Needless to say I didn’t book very often, mostly modeling work. I was eventually dropped by my agent, soon followed by my manager due to lack of communication a immaturity on my part. I’ve been in and out of the industry over the years mostly out with the exception of this past year completing three shorts and a couple of minor auditions for pilots, which I got through a fitness client of mine who happens to be a television producer. I have maintained a commercial look and can probably play as young as 28 or 29.

My question to you, is with everything I’ve mentioned, in your opinion is there a manager and or agent who would be willing to take a chance on someone like me?

I will still pursue my renewed acting goals regardless of your response, but I would be greatly appreciative of any advice you would be willing to offer.

Thank you for your time.


P.S. I plan on implementing the Domino Technique in helping me achieve said goal, so I also thank you for sharing it.

(Note: The Domino Technique is a method of business applications developed by Bruce Edwin, as published in a former issue of The Hollywood Sentinel. The full name has been omitted by the editor out of respect for the actor).

Bruce Edwin Responds:


I am glad you appreciate the writing and find some use with it, as well as implementing the Domino Technique. You are on the right path with that. Also, be sure to read all of the other articles of “How to Succeed In Hollywood” in our archives section which can be found at: You stated why you got dropped, due to immaturity and lack of communication. That’s good that you realize this, because the first step to overcoming any problem is realizing that you were the creator of the problem. Now, you did not indicate that you are no longer going to keep creating this problem by behaving in this way, so it is important to do that. My feeling is that if you did know that you were valuable and professional and doing all you needed to do, you would not ask if there would be an agent or manager willing to take a chance on you–rather you would ‘know’ it.

Not knowing something is obviously simply a lack of knowledge in that area. Certainly there are agents and managers out there willing to take a chance on you. But the question should be what type of agent or manager can you get, and what do you have to be, do, or have to get them? Can you get a low level agent or manager that does nothing for you, or a top quality one that helps takes you to the place you want to be? To get the best, you need to be the best, and to be the best in your career, you need to eliminate all areas in yourself concerning your career that are not the best. That includes firstly, your self esteem. You need to get your self esteem up, which is directly connected to your knowledge of success that will lead to success. If you lack self esteem, which many aspiring actors do, then you may need more training. And even the greatest actor can get more training. Just don’t get one of those acting coaches that wants to keep you under their wing training forever, and never let you go off and audition or work. If you were the best trained actor you possibly could be, I doubt that you would be asking me if an agent or manager would ‘take a chance’ on you. When one is highly competent, one knows the heights that they can achieve are limited only by their own reach. Get more competent as an actor with more training, and then you will have no doubts about getting the representation you want.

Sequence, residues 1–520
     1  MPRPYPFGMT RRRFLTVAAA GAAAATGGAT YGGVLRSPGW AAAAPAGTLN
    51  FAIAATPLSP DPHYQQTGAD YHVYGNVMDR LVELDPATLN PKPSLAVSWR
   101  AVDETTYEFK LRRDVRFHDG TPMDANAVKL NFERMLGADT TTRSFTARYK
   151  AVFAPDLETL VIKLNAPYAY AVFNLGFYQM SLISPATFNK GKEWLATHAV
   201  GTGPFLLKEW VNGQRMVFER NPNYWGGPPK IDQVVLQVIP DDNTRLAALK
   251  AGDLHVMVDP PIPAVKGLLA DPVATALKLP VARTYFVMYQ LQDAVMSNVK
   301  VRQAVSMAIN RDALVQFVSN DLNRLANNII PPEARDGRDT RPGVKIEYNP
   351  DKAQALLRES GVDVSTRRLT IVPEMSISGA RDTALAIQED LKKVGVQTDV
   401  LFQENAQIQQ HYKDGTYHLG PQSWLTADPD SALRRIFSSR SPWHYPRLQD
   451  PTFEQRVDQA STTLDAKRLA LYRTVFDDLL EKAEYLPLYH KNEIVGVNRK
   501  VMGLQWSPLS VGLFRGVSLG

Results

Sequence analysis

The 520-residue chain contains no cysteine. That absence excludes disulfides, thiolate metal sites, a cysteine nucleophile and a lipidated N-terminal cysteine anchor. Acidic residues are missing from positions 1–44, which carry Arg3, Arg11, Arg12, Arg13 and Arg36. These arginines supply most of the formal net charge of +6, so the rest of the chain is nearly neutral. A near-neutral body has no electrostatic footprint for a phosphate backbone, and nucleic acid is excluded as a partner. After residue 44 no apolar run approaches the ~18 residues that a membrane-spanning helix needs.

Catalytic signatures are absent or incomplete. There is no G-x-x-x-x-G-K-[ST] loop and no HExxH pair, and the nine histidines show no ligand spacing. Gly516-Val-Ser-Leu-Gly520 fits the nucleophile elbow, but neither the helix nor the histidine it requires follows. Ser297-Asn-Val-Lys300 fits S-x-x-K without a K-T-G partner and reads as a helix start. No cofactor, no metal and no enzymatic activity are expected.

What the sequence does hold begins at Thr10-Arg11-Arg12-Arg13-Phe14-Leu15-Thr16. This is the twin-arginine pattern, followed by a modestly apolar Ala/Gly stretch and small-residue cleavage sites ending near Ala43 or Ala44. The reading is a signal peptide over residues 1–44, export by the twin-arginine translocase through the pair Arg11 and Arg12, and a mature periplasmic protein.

You may often hear agents and managers telling talent how there is no shortage of actors on town, ready to take there place. That is true for the mediocre or low level actors–the ones who cannot really ‘act.’ But there ‘is’ a shortage of ‘great’ actors in Hollywood. When you become great, due to a high level of competency in top level training, then your esteem goes up, because you know that you are now a product in higher demand.

Also, as I have stated in a former edition of “How to Succeed In Hollywood,” stop referring to yourself as an ‘aspiring’ actor. An aspiring actor means that you are working on becoming an actor. If you are an aspiring actor, then you are not an actor. To state that you are an ‘aspriring A-List actor’ might be more accurate, or in some cases, ‘aspiring’ to be an actor, but one is not an aspiring actor. Either one is an actor, or they are not. There is no in between. Imagine a man wanting to play baseball, telling everyone that he is an aspiring baseball player. What does that mean? He is either hoping to be a Major League all star player, or he is hoping to learn how to play baseball. If he is hoping to learn how to play, then he should stop hoping, and just go pick up a bat, ball, and glove and go learn how to play. Stop aspiring, and just act. If you are aspiring to a certain level, then make a written plan of how you are going to get there, with your top goal written at the top of the page, and working backwards to where you are now.